Reynolds v. Reynolds

Annotate this Case

376 So. 2d 732 (1979)


Civ. 1928.

Court of Civil Appeals of Alabama.

October 24, 1979.

*733 Robert S. Edington, Mobile, for appellant.

Thomas W. Underwood, Jr., Foley, for appellee.


The appellant, Marion B. Reynolds, sued the appellee, J. P. Reynolds, for a divorce on October 13, 1978 on grounds of incompatibility. She appeals from the final decree. We affirm in part and reverse in part.

The parties in this lawsuit were married on April 6, 1974 and remained so for approximately five years whereupon a final decree of divorce was granted by the trial court on April 30, 1979. Mr. and Mrs. Reynolds had known each other most of their lives; each had been previously married she widowed and he divorced; and each had grown children. There were no children born from this second marriage. J. P. Reynolds owns stock in a successful hardware store, Reynolds Bros. Ace Hardware, Inc. Marion Reynolds dropped out of college after approximately one and a half years to marry her first husband. Her only work experience consists of working in a dress shop, teaching school six months under an emergency certificate during the war, and working as a receptionist for her father in his doctor's office. After her marriage to J. P. Reynolds, she maintained the home and performed other duties of a housewife. Though there is some dispute as to Mr. Reynolds' net estate, he admits that his gross estate totals $754,800. Mrs. Reynolds' total assets amount to $86,400. The evidence showed that her income was minimal at bestamounting to approximately $2,000 a year. The trial judge awarded Mrs. Reynolds all of her separate estate which she possessed before her second marriage. This consisted of inherited lands with a home and small office in Millry; some cash and certificates of deposit; her 1976 Cutlass Oldsmobile, partially paid for by a trade-in of her old car; one-half interest in some jointly owned property which will provide her with around $10,000 after the sale; and $2,500.00 as alimony in gross.

The evidence shows that prior to their marriage, the parties had entered into an antenuptial agreement which stated in pertinent part:

That the party of the first part [Marion Reynolds], as the spouse or widow of the party of the second part [J. P. Reynolds], waives and relinquishes any rights claims or interest of any kind or nature as provided for by the laws or statutes of the State of Alabama, or otherwise, to any property owned by the party of the second part, whether previously acquired or acquired in the future and whether owned by the party of the second part before marriage to the party of the first part or acquired after the marriage to the party of the first part, and whether said property is real, personal or mixed.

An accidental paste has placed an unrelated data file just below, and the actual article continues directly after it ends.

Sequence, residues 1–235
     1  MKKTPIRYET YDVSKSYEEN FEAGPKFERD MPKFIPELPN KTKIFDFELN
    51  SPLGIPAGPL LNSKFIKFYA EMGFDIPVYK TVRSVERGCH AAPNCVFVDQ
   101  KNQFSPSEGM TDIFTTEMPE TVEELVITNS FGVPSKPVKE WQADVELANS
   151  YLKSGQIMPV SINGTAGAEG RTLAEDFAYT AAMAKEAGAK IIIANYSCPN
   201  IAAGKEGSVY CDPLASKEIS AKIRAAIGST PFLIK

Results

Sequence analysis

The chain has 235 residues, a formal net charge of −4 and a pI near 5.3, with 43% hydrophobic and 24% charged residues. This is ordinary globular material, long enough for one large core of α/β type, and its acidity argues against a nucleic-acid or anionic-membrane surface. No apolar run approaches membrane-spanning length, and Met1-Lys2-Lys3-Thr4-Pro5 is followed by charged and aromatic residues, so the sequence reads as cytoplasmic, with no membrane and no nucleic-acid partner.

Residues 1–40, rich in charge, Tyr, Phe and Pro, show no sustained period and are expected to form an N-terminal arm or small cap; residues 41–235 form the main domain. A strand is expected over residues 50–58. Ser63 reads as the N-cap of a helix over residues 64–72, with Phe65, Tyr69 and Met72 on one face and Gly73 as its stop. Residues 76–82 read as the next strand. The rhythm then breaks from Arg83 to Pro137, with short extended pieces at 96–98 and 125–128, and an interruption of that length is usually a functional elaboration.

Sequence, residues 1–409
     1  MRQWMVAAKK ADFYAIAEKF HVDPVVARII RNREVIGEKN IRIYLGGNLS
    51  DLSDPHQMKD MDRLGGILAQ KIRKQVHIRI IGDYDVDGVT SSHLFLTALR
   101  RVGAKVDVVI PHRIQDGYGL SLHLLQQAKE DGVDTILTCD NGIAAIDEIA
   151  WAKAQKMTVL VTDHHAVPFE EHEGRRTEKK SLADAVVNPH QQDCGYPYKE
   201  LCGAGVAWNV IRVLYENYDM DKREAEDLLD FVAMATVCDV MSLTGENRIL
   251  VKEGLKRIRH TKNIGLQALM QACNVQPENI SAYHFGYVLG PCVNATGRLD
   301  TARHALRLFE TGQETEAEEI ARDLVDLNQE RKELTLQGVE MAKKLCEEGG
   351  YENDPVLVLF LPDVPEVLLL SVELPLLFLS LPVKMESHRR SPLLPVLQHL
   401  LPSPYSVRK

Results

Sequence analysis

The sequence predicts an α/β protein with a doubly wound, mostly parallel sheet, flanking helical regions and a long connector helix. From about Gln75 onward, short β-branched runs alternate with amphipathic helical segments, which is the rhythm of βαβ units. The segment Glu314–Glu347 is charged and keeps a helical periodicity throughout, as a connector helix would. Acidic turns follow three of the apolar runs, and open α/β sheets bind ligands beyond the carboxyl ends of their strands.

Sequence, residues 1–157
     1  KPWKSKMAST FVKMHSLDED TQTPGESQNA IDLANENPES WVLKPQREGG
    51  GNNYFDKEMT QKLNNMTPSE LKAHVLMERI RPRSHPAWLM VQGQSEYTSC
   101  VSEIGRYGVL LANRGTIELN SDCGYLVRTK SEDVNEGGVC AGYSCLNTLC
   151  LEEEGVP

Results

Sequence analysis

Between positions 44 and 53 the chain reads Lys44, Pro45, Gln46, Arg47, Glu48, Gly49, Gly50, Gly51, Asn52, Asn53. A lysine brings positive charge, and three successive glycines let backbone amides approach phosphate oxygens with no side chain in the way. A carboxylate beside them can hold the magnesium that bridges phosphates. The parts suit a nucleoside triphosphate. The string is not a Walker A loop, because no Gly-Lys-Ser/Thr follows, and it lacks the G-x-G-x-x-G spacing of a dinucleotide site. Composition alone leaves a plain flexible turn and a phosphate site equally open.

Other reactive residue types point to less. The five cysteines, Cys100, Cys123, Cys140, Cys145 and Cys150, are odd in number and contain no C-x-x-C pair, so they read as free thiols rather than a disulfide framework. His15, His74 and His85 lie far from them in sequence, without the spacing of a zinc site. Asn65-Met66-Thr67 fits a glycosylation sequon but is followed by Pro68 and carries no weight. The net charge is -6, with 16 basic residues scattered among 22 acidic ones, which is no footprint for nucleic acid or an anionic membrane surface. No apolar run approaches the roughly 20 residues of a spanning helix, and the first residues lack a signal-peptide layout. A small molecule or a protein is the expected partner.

The appellant contends that the agreement is immaterial and should not have been admitted into evidence, as the husband had his attorney draw up the instrument, she did not have legal counsel or independent advice from anyone, as well as no knowledge of the true value of Mr. Reynolds' assets.

The husband claims that the agreement is valid and admissible but that the admission was immaterial because of the weight given to it by the trial court.

Though antenuptial agreements are valid in Alabama, Allison v. Stevens, 269 Ala. 288, 112 So. 2d 451 (1959), the trial court obviously did not consider the agreement binding on the parties in the case at bar, because it awarded the wife alimony in gross and a small property settlement. Also, there is evidence to support a finding that the agreement was not binding on the wife. Furthermore, there is no cross-appeal by the husband. Accordingly, the real issue for decision by this court is whether the amount of the alimony and property awarded to the wife is insufficient. We think it is and reverse.

*734 It is settled in Alabama that a trial court has wide discretion in making a property division and in awarding alimony in gross. This discretion is to be exercised in a judicial and not arbitrary manner and is subject to review on appeal. Shirley v. Shirley, Ala.Civ.App., 350 So. 2d 1041 (1977). We would point out, however, that a division of property does not call for an equal division but an equitable one. Weeks v. Weeks, Ala.Civ.App., 373 So. 2d 848 (1979). Likewise, an award of alimony in gross is supposed to compensate a wife for loss of her inchoate marital rights and to give her the present value of her future support had she remained married. Hager v. Hager, 293 Ala. 47, 299 So. 2d 743 (1974).